Bags of yard waste have been gathering on some Atlanta sidewalks.
The city says it is short on waste removal trucks and the money to buy more.
William Johnson, the Public Works commissioner, said it’s not a new problem but, “Now it’s just snowballing.” Last year, the department had some backup equipment available, but now even that equipment is too old to fix, as parts aren’t available.
He said currently just 51 trucks are able to cover the work of 74. Almost a third of the fleet is beyond its useful life, he said, and about another third is expected to follow within the year.
That means the department has to make choices about where to put resources.
“When we’re short on a daily basis in terms of available trucks, we prioritize to pick up all the trash first, recycling second, and, if we’re going to have to be late a day or two, then it’s going to have to be on yard waste,” he said.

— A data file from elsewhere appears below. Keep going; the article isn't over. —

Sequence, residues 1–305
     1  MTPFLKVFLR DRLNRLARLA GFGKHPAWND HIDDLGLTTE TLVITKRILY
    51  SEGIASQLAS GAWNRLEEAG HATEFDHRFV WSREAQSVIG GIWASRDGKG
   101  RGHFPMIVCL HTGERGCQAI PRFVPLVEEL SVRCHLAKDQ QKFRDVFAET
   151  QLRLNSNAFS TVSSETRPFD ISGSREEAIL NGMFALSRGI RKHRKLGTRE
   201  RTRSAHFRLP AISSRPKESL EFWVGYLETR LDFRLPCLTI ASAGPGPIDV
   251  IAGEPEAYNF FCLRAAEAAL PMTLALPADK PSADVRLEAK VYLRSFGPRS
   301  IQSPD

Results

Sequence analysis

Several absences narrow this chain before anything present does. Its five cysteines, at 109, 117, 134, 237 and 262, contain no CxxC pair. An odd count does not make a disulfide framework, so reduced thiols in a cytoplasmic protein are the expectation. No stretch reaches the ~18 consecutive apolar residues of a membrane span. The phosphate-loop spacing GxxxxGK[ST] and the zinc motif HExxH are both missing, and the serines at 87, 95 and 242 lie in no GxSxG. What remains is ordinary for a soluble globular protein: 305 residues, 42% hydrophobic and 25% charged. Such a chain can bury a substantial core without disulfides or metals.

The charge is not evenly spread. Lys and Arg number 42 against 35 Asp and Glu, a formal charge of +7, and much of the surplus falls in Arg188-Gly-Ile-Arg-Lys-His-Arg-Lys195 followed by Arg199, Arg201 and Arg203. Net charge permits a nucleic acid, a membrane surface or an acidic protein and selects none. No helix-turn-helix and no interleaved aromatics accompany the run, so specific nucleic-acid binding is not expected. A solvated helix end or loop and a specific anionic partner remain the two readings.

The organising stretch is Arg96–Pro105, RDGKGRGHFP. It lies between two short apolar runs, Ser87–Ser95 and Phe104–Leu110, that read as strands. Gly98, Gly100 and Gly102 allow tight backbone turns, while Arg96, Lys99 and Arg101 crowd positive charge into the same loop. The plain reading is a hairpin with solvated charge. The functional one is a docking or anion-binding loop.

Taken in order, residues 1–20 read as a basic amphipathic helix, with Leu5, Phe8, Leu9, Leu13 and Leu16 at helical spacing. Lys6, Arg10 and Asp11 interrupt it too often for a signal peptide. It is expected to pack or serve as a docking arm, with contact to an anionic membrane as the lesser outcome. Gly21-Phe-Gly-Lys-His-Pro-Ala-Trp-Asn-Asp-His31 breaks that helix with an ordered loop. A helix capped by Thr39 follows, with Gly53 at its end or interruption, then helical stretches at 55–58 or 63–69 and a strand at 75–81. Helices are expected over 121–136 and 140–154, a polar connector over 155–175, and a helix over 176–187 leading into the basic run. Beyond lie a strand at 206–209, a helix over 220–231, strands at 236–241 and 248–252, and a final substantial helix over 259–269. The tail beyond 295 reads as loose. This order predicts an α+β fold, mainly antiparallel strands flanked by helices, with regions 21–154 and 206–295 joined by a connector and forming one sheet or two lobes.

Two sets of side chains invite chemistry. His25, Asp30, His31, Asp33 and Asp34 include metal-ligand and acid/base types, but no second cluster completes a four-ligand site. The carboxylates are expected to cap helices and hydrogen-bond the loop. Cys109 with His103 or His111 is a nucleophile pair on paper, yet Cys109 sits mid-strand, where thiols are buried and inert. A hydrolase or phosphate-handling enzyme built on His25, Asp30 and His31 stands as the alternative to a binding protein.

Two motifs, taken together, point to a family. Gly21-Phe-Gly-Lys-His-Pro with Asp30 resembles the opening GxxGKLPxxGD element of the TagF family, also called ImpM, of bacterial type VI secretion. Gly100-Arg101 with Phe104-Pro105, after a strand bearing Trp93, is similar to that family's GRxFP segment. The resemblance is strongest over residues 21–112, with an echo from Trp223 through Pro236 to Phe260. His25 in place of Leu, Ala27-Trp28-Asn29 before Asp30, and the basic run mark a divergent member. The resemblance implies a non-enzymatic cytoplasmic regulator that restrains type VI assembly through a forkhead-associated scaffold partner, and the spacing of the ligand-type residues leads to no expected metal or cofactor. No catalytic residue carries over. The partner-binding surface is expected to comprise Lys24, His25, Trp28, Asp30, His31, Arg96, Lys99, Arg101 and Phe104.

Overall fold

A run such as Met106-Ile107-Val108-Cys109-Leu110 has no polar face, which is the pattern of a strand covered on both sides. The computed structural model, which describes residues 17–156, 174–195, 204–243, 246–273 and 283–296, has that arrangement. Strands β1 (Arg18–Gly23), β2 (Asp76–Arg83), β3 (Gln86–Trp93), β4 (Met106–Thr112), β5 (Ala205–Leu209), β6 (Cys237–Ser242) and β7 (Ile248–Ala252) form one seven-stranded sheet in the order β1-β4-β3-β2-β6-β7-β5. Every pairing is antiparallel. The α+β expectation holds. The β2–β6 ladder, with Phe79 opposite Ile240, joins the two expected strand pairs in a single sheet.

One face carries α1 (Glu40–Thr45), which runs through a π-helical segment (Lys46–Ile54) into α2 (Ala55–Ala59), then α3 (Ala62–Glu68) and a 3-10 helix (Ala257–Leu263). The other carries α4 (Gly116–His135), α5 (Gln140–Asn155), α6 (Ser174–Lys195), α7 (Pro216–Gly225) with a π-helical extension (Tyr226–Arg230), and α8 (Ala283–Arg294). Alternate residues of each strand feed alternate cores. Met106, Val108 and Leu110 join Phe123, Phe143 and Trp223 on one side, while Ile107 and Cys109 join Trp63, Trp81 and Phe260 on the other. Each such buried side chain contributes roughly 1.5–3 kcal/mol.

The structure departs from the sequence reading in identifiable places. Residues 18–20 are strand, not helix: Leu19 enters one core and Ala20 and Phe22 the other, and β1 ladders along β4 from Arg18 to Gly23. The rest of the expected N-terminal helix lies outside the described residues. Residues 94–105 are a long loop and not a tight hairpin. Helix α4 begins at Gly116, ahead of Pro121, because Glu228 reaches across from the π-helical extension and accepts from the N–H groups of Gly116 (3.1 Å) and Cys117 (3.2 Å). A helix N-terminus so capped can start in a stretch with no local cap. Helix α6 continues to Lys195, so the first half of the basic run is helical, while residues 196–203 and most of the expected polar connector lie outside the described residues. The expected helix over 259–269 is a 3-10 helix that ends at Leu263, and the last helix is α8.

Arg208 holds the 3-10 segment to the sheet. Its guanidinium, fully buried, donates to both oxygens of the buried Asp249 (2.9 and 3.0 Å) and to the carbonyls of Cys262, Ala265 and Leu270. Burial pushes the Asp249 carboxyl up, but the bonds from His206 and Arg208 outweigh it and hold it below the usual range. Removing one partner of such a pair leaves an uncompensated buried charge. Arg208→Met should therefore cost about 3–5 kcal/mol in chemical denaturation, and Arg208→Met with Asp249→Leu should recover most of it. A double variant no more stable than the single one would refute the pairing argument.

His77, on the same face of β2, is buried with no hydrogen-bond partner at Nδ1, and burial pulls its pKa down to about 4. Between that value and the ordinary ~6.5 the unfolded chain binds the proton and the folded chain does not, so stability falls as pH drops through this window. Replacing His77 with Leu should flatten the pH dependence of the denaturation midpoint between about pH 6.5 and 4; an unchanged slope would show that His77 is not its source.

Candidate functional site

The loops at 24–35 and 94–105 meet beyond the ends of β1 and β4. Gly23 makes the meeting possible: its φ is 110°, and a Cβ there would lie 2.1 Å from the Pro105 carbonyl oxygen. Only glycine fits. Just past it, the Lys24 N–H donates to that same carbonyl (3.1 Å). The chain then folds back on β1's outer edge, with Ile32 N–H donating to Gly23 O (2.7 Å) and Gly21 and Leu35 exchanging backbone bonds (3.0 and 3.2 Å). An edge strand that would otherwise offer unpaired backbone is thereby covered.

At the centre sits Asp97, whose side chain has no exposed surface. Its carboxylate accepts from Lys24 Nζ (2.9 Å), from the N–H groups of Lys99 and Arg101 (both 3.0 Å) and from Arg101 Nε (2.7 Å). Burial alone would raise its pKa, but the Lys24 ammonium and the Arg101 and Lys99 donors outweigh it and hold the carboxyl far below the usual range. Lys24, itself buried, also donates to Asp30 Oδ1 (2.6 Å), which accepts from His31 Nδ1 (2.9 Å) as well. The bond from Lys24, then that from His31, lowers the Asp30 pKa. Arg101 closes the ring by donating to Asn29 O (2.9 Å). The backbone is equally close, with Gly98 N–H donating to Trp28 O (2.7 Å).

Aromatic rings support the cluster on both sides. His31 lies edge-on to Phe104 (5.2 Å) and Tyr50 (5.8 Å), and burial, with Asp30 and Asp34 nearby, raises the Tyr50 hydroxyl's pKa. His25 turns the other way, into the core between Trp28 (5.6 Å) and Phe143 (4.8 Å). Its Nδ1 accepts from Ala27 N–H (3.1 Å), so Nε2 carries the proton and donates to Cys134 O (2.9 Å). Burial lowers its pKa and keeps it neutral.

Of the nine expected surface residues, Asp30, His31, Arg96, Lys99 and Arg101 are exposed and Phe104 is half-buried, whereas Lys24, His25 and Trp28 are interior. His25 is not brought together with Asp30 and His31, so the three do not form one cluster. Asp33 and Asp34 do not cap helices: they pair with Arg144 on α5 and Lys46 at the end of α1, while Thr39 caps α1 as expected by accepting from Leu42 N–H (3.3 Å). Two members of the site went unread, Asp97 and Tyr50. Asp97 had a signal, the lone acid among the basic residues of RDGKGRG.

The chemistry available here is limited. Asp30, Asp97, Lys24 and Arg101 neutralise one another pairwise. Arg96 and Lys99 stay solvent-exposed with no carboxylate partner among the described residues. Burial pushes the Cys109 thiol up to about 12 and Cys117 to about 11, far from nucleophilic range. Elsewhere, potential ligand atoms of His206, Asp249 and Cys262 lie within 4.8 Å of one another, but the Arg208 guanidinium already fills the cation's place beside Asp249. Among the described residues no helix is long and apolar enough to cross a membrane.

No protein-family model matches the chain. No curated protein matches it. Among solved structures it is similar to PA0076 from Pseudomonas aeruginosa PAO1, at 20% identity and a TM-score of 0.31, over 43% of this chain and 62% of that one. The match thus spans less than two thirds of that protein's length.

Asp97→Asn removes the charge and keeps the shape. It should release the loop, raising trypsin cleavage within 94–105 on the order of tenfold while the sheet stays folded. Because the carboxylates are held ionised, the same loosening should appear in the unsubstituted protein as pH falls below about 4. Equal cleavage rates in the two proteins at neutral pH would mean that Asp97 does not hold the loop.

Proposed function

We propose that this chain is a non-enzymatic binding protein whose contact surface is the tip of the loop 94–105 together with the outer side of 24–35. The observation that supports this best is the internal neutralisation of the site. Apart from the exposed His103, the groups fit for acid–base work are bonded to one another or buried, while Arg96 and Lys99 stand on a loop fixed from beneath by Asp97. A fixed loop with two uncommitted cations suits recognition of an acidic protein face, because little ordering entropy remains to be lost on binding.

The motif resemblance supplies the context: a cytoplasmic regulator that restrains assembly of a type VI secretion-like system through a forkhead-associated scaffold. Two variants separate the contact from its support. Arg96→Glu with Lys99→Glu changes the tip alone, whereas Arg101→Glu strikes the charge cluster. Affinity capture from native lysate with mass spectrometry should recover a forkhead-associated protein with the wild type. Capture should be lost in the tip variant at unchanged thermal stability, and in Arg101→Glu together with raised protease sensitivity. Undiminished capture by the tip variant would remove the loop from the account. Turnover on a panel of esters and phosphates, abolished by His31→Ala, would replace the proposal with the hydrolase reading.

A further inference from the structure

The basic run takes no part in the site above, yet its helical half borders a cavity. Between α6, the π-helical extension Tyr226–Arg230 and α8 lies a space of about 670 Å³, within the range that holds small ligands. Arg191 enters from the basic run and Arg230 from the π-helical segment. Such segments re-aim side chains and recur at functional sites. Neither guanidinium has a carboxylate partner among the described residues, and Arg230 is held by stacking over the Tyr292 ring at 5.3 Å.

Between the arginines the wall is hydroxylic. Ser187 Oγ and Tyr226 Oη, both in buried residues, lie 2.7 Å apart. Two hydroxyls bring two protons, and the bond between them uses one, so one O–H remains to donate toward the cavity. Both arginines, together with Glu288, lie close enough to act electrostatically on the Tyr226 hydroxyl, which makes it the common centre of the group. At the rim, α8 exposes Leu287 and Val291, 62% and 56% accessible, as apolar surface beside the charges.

For every truck that doesn’t go out, Johnson said about 1,000 customers experience a delay of service.
It also means Johnson has asked City Council to raise solid waste fees.
“We’re running at about a $14 to 15 million deficit year over year, and the solid waste fees will allow us to eliminate that deficit and allow us to purchase trucks every year,” he said.
The final proposal for new fees is expected this week.
In the meantime, he said the department is working Monday through Saturday and redesigning routes to improve efficiency. Those new routes are set to take effect July 9 and would “hopefully” reduce the total needed trucks to 64, he said.
The department has also added bulk debris contractors. Those are grapple trucks with claw-like mechanisms to pick up waste.
“They’re a little bit slower than our typical rear loaders, but they are an added resource, and they’re collecting a lot of tonnage for us,” he said.
The department has ordered some new trucks already, but they take about 300 days to manufacture.
Until they arrive and the department finds more funds for even more new trucks, Johnson said everyone is just trying to “hang on.”
This story was provided by WABE.